Here’s a snapshot of global markets.

In the News

• Los Angeles commuters drove through showers of ash and flames rose on the horizon as the latest of California’s devastating wildfires began to infringe on the heart of the city. [The New York Times]

Leo Varadkar, the Irish prime minister, said that his British counterpart, Theresa May, promised a new proposal on the future of the Irish border by Thursday to break an impasse in Brexit negotiations. [Reuters]

• A plot to kill Mrs. May was foiled, prosecutors in London said. Two suspects are on trial. [The New York Times]

• Prosecutors in Hungary charged a European Parliament lawmaker of the nationalist opposition Jobbik party with spying for Russia. [Reuters]

• President Recep Tayyip Erdogan will be the first Turkish head of state to visit Greece in 65 years. He will likely discuss territorial disputes and seek the repatriation of asylum seekers his government accuses of participating in a failed coup last year. [Kathimerini]

About 2,000 American troops are in Syria fighting the Islamic State, the Pentagon said, almost four times the total previously disclosed as the Trump administration changes how troop numbers are publicly counted. [The New York Times]

• Norwegian lawmakers blocked the appointment of a right-leaning populist politician to the committee that awards the Nobel Peace Prize. [The New York Times]

Smarter Living

Tips, both new and old, for a more fulfilling life.

• Recipe of the day: Start planning a holiday cookie plate with a recipe for linzer trees.

• So, you’d like to buy your loved one a book? Consider these.

• How not to talk to a child who is overweight.

Noteworthy

• From the most beautiful coastlines of Europe to a remote Alaskan island, above, here are five of our favorite travel stories of the year.

• In a Champions League first,five English clubs reached the knockout stage.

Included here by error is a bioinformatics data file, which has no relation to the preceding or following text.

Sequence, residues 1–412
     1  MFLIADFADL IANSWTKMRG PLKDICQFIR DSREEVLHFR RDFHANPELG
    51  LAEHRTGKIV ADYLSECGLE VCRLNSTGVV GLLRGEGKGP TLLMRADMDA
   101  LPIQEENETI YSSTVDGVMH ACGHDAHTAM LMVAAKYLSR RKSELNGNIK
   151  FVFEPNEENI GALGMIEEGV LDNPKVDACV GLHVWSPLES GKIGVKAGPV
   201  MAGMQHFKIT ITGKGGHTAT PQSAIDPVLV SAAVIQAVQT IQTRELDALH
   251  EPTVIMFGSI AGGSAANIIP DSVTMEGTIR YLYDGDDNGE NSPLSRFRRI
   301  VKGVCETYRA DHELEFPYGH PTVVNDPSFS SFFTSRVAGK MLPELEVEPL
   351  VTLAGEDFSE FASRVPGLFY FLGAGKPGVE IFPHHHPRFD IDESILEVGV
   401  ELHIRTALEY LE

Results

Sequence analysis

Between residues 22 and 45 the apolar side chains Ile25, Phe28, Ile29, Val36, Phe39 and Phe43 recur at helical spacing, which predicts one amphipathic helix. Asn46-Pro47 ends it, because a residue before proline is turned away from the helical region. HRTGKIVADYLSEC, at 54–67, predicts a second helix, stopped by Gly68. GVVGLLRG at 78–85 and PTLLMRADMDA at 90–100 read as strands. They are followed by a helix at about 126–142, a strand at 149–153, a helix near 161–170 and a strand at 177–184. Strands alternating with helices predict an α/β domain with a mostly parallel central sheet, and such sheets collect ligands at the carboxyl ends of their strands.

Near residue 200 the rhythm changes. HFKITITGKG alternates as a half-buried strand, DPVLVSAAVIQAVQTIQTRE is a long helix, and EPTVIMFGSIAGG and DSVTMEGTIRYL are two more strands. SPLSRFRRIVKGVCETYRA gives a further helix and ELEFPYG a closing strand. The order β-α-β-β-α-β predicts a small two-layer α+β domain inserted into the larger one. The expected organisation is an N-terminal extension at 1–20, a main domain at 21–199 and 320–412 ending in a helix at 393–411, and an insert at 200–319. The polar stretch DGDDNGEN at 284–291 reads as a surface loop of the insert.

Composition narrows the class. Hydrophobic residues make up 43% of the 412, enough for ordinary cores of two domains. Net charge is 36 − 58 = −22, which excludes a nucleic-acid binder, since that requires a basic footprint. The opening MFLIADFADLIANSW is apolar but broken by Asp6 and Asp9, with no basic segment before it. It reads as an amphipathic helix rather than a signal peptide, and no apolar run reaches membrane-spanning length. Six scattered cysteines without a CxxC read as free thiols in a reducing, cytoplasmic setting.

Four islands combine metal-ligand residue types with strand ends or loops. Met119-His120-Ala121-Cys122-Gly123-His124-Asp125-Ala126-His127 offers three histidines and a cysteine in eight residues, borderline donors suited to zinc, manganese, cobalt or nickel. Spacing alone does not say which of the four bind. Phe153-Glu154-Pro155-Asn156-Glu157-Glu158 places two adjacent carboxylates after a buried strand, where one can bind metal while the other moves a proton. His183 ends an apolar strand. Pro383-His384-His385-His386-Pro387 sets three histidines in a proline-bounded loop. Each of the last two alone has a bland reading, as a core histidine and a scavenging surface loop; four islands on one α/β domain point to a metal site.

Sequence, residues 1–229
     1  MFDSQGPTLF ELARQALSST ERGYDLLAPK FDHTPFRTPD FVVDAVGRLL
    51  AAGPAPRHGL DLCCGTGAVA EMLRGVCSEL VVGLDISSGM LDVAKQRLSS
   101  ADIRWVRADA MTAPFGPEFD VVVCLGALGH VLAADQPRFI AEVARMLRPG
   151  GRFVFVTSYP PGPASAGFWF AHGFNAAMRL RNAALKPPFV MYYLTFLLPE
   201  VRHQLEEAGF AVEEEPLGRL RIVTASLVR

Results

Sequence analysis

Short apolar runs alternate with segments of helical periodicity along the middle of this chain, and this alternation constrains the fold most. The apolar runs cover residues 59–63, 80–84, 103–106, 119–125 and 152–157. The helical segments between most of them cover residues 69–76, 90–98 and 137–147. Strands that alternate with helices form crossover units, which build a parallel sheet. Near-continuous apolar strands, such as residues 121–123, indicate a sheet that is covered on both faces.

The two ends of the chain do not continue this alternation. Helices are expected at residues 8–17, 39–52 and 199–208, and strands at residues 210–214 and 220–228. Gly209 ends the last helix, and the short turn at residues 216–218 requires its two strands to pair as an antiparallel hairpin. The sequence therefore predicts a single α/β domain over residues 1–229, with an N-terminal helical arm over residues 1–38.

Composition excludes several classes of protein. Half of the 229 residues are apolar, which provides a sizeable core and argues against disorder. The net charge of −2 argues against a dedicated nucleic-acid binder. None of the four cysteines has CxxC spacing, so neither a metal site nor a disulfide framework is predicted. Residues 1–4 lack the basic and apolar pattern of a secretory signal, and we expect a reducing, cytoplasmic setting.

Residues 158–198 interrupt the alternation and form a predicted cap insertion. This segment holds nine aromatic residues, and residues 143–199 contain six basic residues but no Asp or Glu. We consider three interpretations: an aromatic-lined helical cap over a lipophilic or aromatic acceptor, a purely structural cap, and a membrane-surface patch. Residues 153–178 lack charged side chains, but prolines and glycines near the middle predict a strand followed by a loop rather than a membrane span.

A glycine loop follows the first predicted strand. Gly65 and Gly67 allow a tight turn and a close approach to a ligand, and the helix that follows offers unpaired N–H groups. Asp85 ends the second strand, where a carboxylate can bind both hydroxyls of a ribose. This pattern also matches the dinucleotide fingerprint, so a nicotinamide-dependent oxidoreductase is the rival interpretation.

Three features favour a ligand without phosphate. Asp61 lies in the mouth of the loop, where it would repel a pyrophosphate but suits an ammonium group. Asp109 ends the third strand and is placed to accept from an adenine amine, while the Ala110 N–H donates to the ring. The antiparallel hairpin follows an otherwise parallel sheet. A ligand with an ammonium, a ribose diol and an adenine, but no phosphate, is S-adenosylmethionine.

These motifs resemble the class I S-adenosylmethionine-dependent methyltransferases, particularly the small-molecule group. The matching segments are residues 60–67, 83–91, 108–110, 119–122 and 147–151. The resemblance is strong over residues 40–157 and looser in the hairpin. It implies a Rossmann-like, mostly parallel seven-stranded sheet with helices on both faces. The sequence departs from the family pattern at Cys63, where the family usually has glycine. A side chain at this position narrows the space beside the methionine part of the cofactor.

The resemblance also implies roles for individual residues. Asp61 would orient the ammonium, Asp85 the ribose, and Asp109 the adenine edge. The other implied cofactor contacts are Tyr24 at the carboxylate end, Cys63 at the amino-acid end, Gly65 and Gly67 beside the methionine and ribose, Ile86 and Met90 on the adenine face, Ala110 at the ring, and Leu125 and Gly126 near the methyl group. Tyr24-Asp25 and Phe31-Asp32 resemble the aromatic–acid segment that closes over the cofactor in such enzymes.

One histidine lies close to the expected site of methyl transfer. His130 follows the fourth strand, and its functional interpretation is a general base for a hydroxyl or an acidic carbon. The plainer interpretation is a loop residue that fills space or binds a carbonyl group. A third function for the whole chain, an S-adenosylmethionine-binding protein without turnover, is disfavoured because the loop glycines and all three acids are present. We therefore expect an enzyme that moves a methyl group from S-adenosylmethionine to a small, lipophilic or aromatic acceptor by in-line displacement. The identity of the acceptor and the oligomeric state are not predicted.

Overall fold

• A new study that followed 1.8 million Danish women for more than a decade found that women who use hormonal birth control face a small but significant increase in the risk for breast cancer.

• Time Magazine named “the silence breakers” — those who came forward to accuse powerful men of sexual misconduct — as its person of the year. Here are excerpts from a TimesTalks conversation in which the actress Ashley Judd and Times journalists discussed whether recent revelations could bring about lasting change.

Back Story

It was “a date which will live in infamy.” Or would it “live in world history”?

Seventy-six years ago today, Japan bombed the U.S. naval base in Pearl Harbor, killing more than 2,400 Americans and propelling the U.S. into World War II.

News of the surprise attack in Hawaii “fell like a bombshell on Washington,” The Times reported the next morning. “Administration circles forecast that the United States soon might be involved in a worldwide war, with Germany supporting Japan, an Axis partner.”

A few hours later, President Franklin D. Roosevelt stood in the chamber of the House of Representatives and, in a speech that lasted only about seven minutes, asked Congress to declare war on Japan.

An initial draft of his speech said that the day of the attack would “live in world history.” But Roosevelt had changed the wording to say “a date which will live in infamy” — now among the most recognizable phrases in U.S. history.

The president’s three-page typewritten manuscript would be lost for more than four decades until a curator, Susan Cooper, found it during a routine search of Senate files at the National Archives in Washington.

“I hadn’t known that it was missing,” she told The Times in 1984.

Mike Ives contributed reporting.